Robert Graves Graves, Robert (Vol. 11)

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Introduction

(Contemporary Literary Criticism)

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Graves, Robert 1895–

Graves is an English poet, novelist, critic, translator, and editor. Stylistically traditional in many ways, his verse is both technically complex and artful. He is a romantic whose work takes classical lines and clarity, whose poetry revolves around themes of love, childhood, and the spirit world. These ideas are also visible in his prose, perhaps most importantly in The White Goddess, an exploration of the poet's muse and mythology. Graves is also recognized for his historical novels and his wide-ranging criticism. (See also CLC, Vols. 1, 2, 6, and Contemporary Authors, Vols. 5-8, rev. ed.)

Monroe K. Spears

(Contemporary Literary Criticism)

Oxford Addresses on Poetry discusses "the hard core of our English poetic inheritance, namely poems inspired by the Muse rather than commissioned by Apollo, God of Reason," to quote Graves's foreword. "A good many of the younger University members agreed with me that such poems are alone likely to survive concentrated pressures from commercialized or politically slanted literature and entertainment," Graves observes, and continues: "The ornate academic Victorian tradition and the more recent but no less artificial Franco-American modernism, seemed to them equally bankrupt…." As his Muse-worship hardens into dogma, Graves seems to envision it here as the basis of a literary program. But such programs are, of course, Apollonian; and furthermore Graves does not really believe any living poets are worth reading. His thesis is, therefore, as applied to contemporary poetry, completely negative. (Curiously, however, he reminds his readers on occasion that he and Laura Riding wrote A Survey of Modernist Poetry, one of the first books to recognize and defend the poetry that he now holds to be worthless.)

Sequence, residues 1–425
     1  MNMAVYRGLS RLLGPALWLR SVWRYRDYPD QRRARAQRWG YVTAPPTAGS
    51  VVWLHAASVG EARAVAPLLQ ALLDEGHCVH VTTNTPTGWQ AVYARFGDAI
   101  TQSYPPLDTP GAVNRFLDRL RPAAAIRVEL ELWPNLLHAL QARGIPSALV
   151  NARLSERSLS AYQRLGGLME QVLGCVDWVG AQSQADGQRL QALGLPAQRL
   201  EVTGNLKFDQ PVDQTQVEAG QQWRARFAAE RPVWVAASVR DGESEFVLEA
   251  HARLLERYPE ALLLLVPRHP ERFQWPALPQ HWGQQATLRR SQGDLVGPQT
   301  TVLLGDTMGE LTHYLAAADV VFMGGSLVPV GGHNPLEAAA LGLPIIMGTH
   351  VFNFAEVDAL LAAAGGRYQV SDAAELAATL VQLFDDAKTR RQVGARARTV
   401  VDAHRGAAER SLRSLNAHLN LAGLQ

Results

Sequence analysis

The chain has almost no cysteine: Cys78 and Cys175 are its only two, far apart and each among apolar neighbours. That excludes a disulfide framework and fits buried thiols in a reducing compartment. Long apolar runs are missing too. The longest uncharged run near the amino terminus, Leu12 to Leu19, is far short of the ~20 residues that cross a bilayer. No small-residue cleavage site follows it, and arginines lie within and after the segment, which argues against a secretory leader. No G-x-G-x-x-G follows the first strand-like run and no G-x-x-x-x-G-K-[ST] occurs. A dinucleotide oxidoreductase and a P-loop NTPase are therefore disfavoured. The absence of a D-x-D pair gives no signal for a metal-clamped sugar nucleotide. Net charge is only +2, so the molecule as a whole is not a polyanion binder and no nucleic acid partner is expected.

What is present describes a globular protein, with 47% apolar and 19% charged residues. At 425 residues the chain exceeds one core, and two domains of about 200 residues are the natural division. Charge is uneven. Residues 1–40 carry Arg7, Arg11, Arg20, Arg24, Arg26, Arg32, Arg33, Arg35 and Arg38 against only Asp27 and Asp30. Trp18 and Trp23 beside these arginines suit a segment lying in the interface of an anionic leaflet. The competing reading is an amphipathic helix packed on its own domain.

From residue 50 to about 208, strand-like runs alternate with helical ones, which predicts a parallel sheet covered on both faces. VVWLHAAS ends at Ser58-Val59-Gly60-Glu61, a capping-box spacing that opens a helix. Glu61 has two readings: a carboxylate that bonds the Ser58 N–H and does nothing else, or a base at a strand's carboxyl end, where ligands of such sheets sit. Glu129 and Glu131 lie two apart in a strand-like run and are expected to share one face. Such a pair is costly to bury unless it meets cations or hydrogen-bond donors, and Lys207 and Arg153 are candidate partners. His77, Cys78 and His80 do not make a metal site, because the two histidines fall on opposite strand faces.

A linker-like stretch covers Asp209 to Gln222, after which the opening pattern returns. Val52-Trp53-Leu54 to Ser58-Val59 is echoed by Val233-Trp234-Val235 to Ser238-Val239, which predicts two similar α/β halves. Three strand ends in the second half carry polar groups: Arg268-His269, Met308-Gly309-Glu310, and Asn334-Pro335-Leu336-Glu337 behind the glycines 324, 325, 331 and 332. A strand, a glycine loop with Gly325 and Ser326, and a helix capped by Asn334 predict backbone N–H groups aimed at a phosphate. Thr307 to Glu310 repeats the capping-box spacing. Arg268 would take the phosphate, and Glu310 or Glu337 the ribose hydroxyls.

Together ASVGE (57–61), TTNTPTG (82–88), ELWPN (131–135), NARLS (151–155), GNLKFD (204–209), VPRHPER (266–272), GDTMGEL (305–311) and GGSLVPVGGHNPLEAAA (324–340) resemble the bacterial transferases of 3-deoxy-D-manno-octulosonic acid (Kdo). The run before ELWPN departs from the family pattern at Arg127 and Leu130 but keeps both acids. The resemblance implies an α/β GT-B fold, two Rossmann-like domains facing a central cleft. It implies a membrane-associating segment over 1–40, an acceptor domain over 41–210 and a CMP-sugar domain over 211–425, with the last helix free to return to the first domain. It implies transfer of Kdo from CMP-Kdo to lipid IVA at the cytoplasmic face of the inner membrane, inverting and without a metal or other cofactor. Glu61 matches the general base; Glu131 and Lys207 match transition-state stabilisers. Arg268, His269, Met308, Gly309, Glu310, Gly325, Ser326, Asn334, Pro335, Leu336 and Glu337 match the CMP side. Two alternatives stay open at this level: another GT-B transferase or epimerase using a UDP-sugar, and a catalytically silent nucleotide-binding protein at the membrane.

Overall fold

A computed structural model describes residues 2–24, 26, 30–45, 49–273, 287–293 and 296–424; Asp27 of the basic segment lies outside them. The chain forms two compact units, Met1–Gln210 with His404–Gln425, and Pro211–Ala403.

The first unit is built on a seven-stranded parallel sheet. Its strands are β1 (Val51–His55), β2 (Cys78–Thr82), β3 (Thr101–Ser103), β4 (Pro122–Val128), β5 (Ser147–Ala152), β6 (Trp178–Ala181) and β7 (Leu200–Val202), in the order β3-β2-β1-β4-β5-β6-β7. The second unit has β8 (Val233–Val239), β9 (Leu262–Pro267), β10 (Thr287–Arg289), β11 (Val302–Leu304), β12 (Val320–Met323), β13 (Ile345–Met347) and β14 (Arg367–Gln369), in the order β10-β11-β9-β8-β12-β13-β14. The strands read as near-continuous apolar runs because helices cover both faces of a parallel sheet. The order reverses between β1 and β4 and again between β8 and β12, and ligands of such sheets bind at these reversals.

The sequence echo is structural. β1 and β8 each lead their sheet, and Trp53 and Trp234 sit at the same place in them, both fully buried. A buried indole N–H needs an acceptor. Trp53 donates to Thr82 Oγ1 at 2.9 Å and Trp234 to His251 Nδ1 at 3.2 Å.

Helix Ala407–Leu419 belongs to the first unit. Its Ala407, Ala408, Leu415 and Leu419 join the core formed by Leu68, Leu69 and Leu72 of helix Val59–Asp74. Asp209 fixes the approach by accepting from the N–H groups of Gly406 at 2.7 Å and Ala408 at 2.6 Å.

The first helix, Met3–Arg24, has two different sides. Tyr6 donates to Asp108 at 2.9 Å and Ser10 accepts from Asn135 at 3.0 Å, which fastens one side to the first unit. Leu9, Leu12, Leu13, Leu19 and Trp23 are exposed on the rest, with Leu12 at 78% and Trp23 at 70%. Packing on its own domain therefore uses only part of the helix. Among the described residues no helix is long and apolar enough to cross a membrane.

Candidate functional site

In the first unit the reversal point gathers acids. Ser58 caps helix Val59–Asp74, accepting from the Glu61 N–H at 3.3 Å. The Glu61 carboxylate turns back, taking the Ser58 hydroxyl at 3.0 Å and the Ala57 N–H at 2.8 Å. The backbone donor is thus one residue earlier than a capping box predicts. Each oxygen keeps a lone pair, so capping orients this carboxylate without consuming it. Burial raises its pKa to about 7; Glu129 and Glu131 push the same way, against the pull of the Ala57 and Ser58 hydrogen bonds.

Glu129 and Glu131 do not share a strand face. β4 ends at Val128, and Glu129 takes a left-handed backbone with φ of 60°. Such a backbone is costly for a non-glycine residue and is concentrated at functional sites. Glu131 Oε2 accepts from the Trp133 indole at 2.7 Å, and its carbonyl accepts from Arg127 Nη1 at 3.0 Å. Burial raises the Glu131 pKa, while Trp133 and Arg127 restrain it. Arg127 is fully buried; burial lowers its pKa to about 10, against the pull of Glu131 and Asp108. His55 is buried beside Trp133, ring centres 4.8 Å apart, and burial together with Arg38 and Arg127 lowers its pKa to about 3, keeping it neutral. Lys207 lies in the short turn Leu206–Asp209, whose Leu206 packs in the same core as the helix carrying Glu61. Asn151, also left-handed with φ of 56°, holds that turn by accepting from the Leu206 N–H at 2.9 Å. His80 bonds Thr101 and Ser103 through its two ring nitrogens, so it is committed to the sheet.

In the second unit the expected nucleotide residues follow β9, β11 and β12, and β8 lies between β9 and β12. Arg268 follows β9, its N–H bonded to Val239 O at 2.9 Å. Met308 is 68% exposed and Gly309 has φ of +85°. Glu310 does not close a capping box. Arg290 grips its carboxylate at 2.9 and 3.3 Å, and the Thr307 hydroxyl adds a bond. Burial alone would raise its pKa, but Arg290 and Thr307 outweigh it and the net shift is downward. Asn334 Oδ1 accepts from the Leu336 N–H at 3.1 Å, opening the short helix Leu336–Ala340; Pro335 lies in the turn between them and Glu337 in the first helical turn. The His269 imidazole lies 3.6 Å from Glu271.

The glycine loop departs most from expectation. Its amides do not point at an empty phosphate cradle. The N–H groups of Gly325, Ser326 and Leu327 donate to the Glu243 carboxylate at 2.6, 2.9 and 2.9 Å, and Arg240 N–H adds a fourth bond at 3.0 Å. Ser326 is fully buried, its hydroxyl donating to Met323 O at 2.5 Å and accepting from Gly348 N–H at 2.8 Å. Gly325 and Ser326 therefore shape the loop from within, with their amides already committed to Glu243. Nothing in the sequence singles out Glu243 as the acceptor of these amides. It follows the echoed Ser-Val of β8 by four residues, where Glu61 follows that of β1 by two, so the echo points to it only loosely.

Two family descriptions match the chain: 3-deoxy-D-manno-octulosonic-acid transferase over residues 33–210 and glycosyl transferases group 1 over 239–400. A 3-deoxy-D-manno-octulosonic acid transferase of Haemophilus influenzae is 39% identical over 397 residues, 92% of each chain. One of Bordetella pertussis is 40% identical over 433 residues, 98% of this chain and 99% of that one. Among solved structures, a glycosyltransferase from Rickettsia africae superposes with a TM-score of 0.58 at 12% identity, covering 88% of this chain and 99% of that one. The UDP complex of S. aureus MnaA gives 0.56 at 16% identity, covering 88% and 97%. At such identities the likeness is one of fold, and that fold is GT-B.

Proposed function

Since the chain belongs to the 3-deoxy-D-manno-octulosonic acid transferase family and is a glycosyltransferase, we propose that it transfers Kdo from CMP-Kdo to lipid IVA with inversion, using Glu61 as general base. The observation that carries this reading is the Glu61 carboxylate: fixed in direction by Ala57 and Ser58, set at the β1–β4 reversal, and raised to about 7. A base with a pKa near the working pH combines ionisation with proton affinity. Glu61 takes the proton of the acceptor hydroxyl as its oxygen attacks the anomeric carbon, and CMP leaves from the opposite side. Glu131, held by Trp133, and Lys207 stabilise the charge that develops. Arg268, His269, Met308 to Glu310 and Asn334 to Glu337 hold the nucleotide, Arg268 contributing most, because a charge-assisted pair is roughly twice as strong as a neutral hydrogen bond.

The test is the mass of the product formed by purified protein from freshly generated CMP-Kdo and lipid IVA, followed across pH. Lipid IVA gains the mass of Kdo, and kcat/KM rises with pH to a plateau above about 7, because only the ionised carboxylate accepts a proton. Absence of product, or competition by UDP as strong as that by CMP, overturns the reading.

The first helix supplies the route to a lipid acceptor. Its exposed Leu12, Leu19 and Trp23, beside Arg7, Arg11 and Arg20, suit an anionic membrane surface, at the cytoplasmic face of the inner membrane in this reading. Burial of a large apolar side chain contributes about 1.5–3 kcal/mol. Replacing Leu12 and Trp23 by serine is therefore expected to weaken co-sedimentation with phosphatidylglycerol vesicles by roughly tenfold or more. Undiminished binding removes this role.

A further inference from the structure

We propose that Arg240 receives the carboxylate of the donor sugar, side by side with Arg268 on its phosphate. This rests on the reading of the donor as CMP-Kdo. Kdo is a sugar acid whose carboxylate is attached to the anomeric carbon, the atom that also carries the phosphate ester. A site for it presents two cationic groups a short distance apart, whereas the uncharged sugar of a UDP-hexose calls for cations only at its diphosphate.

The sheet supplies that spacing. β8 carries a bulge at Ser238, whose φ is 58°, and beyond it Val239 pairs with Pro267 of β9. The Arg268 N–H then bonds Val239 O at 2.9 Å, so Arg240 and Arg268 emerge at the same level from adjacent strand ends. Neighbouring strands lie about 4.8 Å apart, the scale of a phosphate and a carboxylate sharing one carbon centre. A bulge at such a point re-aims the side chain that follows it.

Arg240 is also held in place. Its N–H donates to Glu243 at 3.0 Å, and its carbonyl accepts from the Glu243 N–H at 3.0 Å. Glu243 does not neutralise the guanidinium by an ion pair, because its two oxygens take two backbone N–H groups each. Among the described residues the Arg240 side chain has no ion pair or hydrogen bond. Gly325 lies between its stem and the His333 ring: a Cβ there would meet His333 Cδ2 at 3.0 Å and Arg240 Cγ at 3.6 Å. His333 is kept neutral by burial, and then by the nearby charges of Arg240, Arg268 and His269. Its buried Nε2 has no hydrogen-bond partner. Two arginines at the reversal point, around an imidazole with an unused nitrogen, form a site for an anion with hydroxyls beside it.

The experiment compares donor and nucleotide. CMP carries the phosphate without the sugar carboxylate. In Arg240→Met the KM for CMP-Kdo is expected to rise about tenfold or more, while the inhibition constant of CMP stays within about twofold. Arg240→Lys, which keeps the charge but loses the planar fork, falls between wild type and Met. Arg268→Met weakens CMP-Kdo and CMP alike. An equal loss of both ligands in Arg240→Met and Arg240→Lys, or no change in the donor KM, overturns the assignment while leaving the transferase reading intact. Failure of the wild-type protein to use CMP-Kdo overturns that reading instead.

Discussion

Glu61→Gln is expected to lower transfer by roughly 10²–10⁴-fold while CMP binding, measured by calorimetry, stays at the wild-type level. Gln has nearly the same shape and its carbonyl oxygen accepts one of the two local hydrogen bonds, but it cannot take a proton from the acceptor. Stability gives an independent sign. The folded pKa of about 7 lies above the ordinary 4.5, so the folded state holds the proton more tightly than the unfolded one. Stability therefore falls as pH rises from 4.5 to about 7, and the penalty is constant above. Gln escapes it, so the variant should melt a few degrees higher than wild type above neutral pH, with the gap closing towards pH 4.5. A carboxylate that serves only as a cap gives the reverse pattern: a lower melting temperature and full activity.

Graves's case against Modernism is threefold. The first argument is based on pure xenophobic prejudice: modernist poetry is un-English. He calls it Franco-American, and observes that "Anglo-American poetry of, say, 1911–1929" was "based on Continental models and psychological theory." Often mixed with this argument is the second, a "traditionalist" complaint that Modernism is based on a confusion of the arts and that it doesn't make sense. In Food for Centaurs he said, "All I know is that a Modernism based on a confessedly impossible attempt at adapting English poetic practice to the aesthetic principles of French painting makes no sense; and has never made any sense."… His third and most fundamental objection is that modernist poetry is in motive "critical, rather than creative," and is thus a form of Apollonian poetry, which is always "composed in the forepart of the mind," on a preconceived plan, and based on a "close knowledge of rhetoric, prosody, classical example, and contemporary fashion."… In contrast, Muse poetry, the kind Graves writes and approves of, he describes as "composed at the back of the mind; an unaccountable product of a trance in which the emotions of love, fear, anger, or grief are profoundly engaged, though at the same time powerfully disciplined…. The effect on readers of Muse poetry … is what the French call a frisson, and the Scots call a grue—meaning the shudder provoked by fearful or supernatural experiences."

This sounds like the same distinction that Matthew Arnold once made, in the course of explaining why the 18th century was an age of prose, between poetry conceived in the wits and poetry conceived in the soul. After Eliot's devastating commentary on the relation of this crude dichotomy to Arnold's own poetry, conceived in "the soul of a mid-century Oxford graduate," and his patient exposure of the falsity of any such assumption that the creative and critical faculties are necessarily opposed to each other, one would hardly expect Graves to restate it in cold blood. But Graves has no respect for Eliot; either he never read the passage or he would brush it aside.

Graves's theory of poetry—if it can be dignified by the name of theory—is essentially a perfectly conventional late Romantic...

(The entire section is 4,769 words.)